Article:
A new ranking has revealed which states will find it harder to prioritize making healthy food choices than others, based on the cost of groceries versus a fast-food meal.
The research, conducted by fitness experts Total Shape, pulled together the average cost of a fast-food combo meal in each state, and compared this to grocery store prices of equivalent food items — including ground beef, chicken breasts, potatoes, and bread.
And despite world food prices falling to a two-year low in May — according to the United Nations world price index — grocery food inflation is still causing concern across America.
This is evident in a recent survey by the Cleveland Clinic, which found almost half (46%) of Americans cite the cost of food as the biggest obstacle to following a healthy diet, whilst parents were twice as likely to opt for a fast-food diet than their child-free counterparts.
Across America, the average fast-food combo meal costs $9.55, whilst buying the ingredients needed to make the same meal at home would set you back about $22.
This price increase is due to the typical product portion sizes in supermarkets, meaning those debating making their own meal or grabbing one from a nearby drive-thru have to weigh up the cost of buying all the ingredients, even if they only plan to use a little of each.
If you already have the ingredients in your pantry at home — including ground beef, cheese, bread, and potatoes — making your own is a little cheaper, with a per-portion price of $5.81.
The new ranking shows that some states will have a much harder time prioritizing healthy food choices, as fast-food meals are significantly cheaper than buying all the ingredients.
In Minnesota, the per-portion cost of making a burger and fries — or chicken tenders meal — is $4.71, whilst it costs just $7 to buy a combo meal from a fast-food chain. The home cooking cost then rises to $21.46 for those who need to buy all of the ingredients from the store.
Meanwhile, people in Nevada will find it easier to justify buying the ingredients over placing a food order, as a combo meal is $13.50, versus a per-portion grocery spend of $5.81 — meaning they’d be spending twice as much to justify an unhealthy food choice.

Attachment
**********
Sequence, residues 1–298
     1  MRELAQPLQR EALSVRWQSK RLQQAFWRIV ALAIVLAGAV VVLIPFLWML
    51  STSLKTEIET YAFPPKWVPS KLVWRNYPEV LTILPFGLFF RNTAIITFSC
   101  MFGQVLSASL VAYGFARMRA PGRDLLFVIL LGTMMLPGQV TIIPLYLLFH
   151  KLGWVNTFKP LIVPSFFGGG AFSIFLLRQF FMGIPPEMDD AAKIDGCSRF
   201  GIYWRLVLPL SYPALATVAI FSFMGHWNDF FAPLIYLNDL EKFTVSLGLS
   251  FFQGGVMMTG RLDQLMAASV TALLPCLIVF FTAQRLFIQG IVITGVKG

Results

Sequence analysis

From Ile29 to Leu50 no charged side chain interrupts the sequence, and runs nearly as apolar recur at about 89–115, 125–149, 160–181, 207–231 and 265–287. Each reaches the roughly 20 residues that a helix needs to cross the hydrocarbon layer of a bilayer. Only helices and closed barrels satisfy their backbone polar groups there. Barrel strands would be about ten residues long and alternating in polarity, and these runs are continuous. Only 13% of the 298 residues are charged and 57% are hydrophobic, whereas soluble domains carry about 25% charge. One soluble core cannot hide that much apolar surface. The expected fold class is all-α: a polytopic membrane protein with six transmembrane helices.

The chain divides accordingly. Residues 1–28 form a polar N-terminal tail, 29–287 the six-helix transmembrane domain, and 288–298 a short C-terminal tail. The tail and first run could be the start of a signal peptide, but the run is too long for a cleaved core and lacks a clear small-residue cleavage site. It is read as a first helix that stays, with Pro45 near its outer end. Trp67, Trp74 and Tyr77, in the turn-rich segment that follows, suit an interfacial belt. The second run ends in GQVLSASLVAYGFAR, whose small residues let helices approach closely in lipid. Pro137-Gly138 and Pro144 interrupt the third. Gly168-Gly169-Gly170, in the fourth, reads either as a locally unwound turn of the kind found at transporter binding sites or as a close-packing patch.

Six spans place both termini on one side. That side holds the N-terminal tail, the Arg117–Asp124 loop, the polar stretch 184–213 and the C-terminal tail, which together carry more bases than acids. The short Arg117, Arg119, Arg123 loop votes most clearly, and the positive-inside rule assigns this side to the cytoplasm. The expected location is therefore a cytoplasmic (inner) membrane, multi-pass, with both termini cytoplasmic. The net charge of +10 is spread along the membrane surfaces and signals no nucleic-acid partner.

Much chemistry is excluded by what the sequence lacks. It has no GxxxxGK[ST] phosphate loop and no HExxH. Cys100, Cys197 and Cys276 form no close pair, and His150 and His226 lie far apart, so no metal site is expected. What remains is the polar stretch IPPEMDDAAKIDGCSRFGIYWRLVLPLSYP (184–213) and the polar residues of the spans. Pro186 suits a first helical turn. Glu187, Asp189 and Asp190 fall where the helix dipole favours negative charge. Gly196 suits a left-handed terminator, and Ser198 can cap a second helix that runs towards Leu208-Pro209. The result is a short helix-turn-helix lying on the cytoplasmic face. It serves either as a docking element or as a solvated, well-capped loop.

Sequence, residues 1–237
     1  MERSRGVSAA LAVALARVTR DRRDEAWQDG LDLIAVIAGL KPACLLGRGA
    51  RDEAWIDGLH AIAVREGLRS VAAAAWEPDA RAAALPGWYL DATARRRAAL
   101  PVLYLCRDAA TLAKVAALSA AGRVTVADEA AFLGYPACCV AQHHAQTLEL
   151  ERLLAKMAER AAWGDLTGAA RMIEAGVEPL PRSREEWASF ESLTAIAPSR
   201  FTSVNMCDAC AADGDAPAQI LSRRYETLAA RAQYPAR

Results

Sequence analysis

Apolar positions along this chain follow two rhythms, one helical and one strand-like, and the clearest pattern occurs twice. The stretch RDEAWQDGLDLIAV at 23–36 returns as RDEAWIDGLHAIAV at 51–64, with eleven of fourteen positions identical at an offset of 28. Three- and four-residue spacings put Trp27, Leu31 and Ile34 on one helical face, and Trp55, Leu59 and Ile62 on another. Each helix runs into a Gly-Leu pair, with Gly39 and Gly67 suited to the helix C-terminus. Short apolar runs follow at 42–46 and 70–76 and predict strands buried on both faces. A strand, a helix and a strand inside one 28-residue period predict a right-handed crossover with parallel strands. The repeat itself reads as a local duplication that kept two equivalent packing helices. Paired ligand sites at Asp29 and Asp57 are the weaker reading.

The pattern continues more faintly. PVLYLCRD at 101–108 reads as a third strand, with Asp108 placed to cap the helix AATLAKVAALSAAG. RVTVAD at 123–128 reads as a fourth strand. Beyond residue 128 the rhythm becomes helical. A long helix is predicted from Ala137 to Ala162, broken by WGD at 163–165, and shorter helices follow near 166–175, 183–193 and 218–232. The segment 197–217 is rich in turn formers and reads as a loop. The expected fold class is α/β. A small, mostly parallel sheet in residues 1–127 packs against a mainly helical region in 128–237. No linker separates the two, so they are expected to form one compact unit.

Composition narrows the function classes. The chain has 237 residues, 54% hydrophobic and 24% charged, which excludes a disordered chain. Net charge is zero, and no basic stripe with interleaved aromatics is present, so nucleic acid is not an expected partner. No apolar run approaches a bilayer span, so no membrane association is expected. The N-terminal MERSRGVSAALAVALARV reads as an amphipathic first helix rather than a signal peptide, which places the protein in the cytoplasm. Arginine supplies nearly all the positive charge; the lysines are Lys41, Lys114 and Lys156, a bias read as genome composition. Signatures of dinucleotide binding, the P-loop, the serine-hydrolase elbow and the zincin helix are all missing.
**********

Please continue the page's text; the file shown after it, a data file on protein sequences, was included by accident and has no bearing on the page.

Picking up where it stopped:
States that have to spend more to make healthy food choices:
Average wage also plays a part in determining how easy it is to cook rather than eating fast food, with some states having to spend more of their salary to buy the same groceries.
The data reveals that shoppers in Iowa don't see their $47.3k salary stretch as far as other states when buying groceries, as food prices are 56% higher than in the cheapest state.
Other states that end up having to spend more of their salary on groceries: Montana, Hawaii, Tennessee, and South Dakota. New Jersey spends the least.
According to food plans created by the U.S. Department of Agriculture, a single "thrifty" person should be spending $274 on their monthly groceries ($244 for women and $304 for men), whilst those with a higher income can afford to spend up to $428.
However, when compared to the average salary of $51,013, even the thriftiest food shop price is a stretch for many, as it equates to $3,288 a year — 44% higher than the $2,280 that consumers spent on food last year, as reported by the Bureau of Labor Statistics.
Speaking on the findings, a Total Shape spokesperson said: “As we approach summer, many Americans will find themselves having to make quick meal decisions when out and about — and unfortunately, they’re highly likely to eat fast food over cooking at home.
“Whilst there’s nothing wrong with fast food in moderation, it’s concerning that consumers turn to unhealthy meals to avoid the cost of buying groceries — especially as this actually ends up being more expensive in the long run when per-portion costs are considered."